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Using Cypress with Cucumber in a React Application

Using Cypress with Cucumber in a React Application


We are going to be learning how to integrate Cypress with Cucumber in a React application. Cypress is the premier end-to-end testing platform to allow you to test user interactions, and end-to-end flows in your application.

What is Cucumber?

Cucumber logo

Cucumber creates a layer of abstraction that allows for better communication between business and technical folks, and facilitates the use of Behavior Driven Development (BDD). One of the additional benefits is that it essentially creates documentation, which stays up to date and is easy to share. Cucumber is built to support Behavior Drive Development (BDD). If you are unfamiliar with Behavior Driven Development, you can read Cucumber’s guide on it here:

Learn more about Cucumber in general here:

What is Gherkin?

In the simplest terms, Gherkin is a set of grammar rules that structure plain text for Cucumber to understand and process.

Learn more here:



- Clone a React app to test against. Here is a link to a photo viewer and search app which we will be using:

You will need to clone the app and get it running before we can move on to next steps. Below is a screenshot of the working app:

SnapShot app screenshot

- Add Cypress as a dev dependency within your application. Install Cypress npm i cypress --save-dev. Once you have completed this step, you should see "cypress": "^10.11.0", or something similar in the devDependencies section of your package.json file.

- Open and run Cypress to install it using the binary. You do this by typing the command npx cypress open in your terminal. If it's your first time running this command within your application, Cypress will prompt you to install some example tests and other helper files, and guide you through a basic configuration necessary for Cypress to operate within your application.

Cypress 1
Cypress 2
Cypress 3
Cypress 4
Cypress 5
Cypress 6

- Add the cypress-cucumber-preprocessor package to your project. This package was originally maintained by BrainFamily, but was recently taken over by Badeball. You can find it here:

Use the command npm install --save-dev @badeball/cypress-cucumber-preprocessor

You can find the quick start guide here:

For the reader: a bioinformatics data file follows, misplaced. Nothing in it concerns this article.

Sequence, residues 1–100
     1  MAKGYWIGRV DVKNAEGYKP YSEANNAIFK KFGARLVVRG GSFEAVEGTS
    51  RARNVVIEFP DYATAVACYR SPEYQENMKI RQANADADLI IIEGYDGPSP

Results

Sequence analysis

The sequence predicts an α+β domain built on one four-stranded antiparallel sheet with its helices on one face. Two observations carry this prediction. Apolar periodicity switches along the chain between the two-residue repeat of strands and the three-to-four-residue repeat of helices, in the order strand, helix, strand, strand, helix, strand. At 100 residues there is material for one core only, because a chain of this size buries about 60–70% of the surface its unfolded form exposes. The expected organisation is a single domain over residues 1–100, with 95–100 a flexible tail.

- Add @bahmutov/cypress-esbuild-preprocessor esbuild Use the command npm i -D @bahmutov/cypress-esbuild-preprocessor esbuild. This should result in "esbuild": "^0.15.13" as well as "@bahmutov/cypress-esbuild-preprocessor": "^2.1.5" becoming part of the devDependencies in your package.json file.

Add cypress/webpack-preprocessor to your project. Use the command npm i --save-dev @cypress/webpack-preprocessor to add this package. The devDependencies section of your package.json file should now include, "@cypress/webpack-preprocessor": "^5.15.3" if done correctly.

- Configure cypress.config.ts file. Configure specPattern with "**/*.feature" and setupNodeEvents. Here is my file:

const { defineConfig } = require("cypress");
const createBundler = require("@bahmutov/cypress-esbuild-preprocessor");
const addCucumberPreprocessorPlugin =
const createEsbuildPlugin =

module.exports = defineConfig({
  e2e: {
    async setupNodeEvents(on, config) {
      const bundler = createBundler({
        plugins: [createEsbuildPlugin(config)],

      on("file:preprocessor", bundler);
      await addCucumberPreprocessorPlugin(on, config);

      return config;
    specPattern: "cypress/e2e/features/*.feature",
    baseUrl: "http://localhost:3000/SnapShot#/SnapScout/",
    chromeWebSecurity: false,

Additionally, you will want to generate a cypress-cucumber-preprocessorrc.json file at the root level of your project in order to handle some additional configuration settings. My file contents are below:

  "json": {
    "enabled": false,
    "output": "jsonlogs/log.json",
    "formatter": "cucumber-json-formatter.exe"
  "messages": {
    "enabled": false,
    "output": "jsonlogs/messages.ndjson"
  "html": {
    "enabled": false
  "stepDefinitions": [

Organize your files. There are multiple ways to organize your feature files and step definition files. For the purposes of this tutorial, we will place our feature files in a cypress > e2e > features directory, and our step definition files in a cypress > e2e > step_definitions directory.

Let's Write Some Tests!!

Let's create a simple feature file with some basic scenarios and test steps for this application. Here is a start in app.feature!

Feature: Snapshot website test scenarios
  Scenario: visiting the home page - successful search
    Given I visit the home page
    Then the header should be visible
    Then I click in the text input
    Then I type birds into the search input and press search button
    Then I should see Birds Images in header
    Then I click the Food button and see Food header and 24 images
import { Given, Then } from "@badeball/cypress-cucumber-preprocessor";

Given("I visit the home page", () => {

Then("the header should be visible", () => {

Then("I click in the text input", () => {

Then("I type birds into the search input and press search button", () => {

Then("I should see Birds Images in header", () => {
  cy.get(":nth-child(24) > img").should("be.visible");

Then("I click the Food button and see Food header and 24 images", () => {
  cy.get(":nth-child(4) > a").click({ force: true });
  cy.get(":nth-child(24) > img").should("be.visible");
Cypress test list screen
Running Test Screen


As you can see, setting up Cypress with Cucumber is a fairly straight-forward process. There are incredible benefits to using Cucumber with Cypress, particularly related to facilitating communication between non-technical and technical members of a development team, as well as creating ongoing project documentation, and an easy-to-understand guide for what your application or feature is doing.